A Real Return On Investment?
The “Return On Investment” promise, as understood by most of us, means if an end user spends money on a capital investment now, then, over time, the savings in operating expenses – thanks to better, smarter, and/or cheaper technology – will pay back the initial outlay of capital. This idea has fueled many industries since the beginning of time, but sometimes it may not be the whole truth.
When companies put together their ROI proposals, they aren’t trying to mislead; they can be telling the truth in the most attractive way. Projects are designed to suggest that clear lines separating professional, “prosumer”, and consumer technologies still exist. This can justify the higher cost of traditional professional systems. In reality, there has been an amazing sea change. Now, anyone can get a hold of the same technologies used by professionals — by picking up Final Cut Pro and Garage Band at the local electronics store — and give production a try.
The proposed ROI solution will usually make perfect sense on paper. The design features a TV facility, post-production house, radio facility, A/V system in a house of worship, or a similar production environment. Putting together a one-sheet, the provider wraps select technology around its product and projects that in some number of years, the solution will enable the buyer to make back the initial investment. This claim in turn leads to the idea that the product will eventually wind up being free, or even contribute to the facility’s revenue stream. The promise suggests the resulting reliability and performance will eliminate costly down time or lost connectivity, thereby saving the facility even more money.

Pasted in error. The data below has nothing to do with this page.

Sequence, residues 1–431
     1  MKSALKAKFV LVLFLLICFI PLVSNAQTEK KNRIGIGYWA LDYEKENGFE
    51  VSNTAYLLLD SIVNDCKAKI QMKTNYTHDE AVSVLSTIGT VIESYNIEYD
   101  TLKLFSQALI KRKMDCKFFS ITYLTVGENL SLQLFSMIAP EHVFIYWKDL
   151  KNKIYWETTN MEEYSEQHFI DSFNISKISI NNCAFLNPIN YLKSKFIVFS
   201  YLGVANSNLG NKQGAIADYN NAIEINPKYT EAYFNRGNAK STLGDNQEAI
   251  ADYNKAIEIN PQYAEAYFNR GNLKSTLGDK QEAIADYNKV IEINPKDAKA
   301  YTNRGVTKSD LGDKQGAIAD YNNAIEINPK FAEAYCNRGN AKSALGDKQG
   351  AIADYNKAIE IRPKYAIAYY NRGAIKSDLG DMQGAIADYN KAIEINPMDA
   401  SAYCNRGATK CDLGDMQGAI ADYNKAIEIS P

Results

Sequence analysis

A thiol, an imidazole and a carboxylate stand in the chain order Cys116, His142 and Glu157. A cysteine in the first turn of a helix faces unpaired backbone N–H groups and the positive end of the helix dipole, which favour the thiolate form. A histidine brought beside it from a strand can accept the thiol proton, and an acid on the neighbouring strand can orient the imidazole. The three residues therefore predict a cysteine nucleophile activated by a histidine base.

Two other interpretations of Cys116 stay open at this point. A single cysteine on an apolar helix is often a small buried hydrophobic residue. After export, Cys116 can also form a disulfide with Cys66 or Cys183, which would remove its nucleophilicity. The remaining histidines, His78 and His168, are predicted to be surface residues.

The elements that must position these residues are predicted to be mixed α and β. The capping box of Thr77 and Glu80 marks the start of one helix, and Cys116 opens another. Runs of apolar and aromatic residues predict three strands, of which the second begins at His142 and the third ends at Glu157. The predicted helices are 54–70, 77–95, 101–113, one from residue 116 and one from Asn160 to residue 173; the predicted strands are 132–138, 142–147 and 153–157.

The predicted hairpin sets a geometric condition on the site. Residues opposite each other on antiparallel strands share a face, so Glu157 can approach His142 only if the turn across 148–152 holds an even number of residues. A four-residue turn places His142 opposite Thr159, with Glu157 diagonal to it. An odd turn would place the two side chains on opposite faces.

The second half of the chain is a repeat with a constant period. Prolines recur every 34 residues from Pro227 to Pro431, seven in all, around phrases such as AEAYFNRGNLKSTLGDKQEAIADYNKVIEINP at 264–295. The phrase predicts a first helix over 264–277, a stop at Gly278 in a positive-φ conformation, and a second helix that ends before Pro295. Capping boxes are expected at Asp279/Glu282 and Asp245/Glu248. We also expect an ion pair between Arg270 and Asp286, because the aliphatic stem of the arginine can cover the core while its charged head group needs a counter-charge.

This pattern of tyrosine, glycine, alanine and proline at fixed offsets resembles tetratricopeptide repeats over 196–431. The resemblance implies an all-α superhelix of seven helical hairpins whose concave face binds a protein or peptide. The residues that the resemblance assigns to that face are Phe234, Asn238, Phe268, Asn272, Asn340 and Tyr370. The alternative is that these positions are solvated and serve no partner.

Sometimes, however, the fundamental flaw with this line of reasoning is that the provider builds the ROI argument inside a world where products exist on separate islands, and are surrounded only by complementary systems that work and communicate well with each other. But in the real world, products often have to work with legacy equipment, and then put new technology on top of it.
The ROI promise assumes that the new products going to these islands will operate without a hitch to external systems, but what really happens is that brand-new systems get put into the middle of existing plants. By necessity, new equipment and technologies are mixed with old. This is the nature of product development and deployment. By the time a technology has been widely deployed, the industry needs to come up with new standards that require the purchase of new systems. This migration from standard to standard is reflected in the shift from black and white television in the ’30s, to color in the ‘60s, digital in the ‘80s, and now our transition to HD, 3G, and 3D!
If It Is Too Good To Be True…
Technology doesn’t live in a vacuum; it follows the lead of designers, installers, and end users. Technology may affect how people behave, but, in and of itself, it doesn’t change human behavior. Humans resist change and will operate new technology in the same way they used old technology. Occurring along with the slow evolution of human behavior, the cycle of evolving standards and technologies makes it necessary for most facilities to integrate new technologies with existing systems. Together, these factors can make the ROI promise into the ROI compromise. While moving ahead is, of course, usually a good thing, if a promise seems too good to be true, then maybe the underlying compromises will require a much closer look.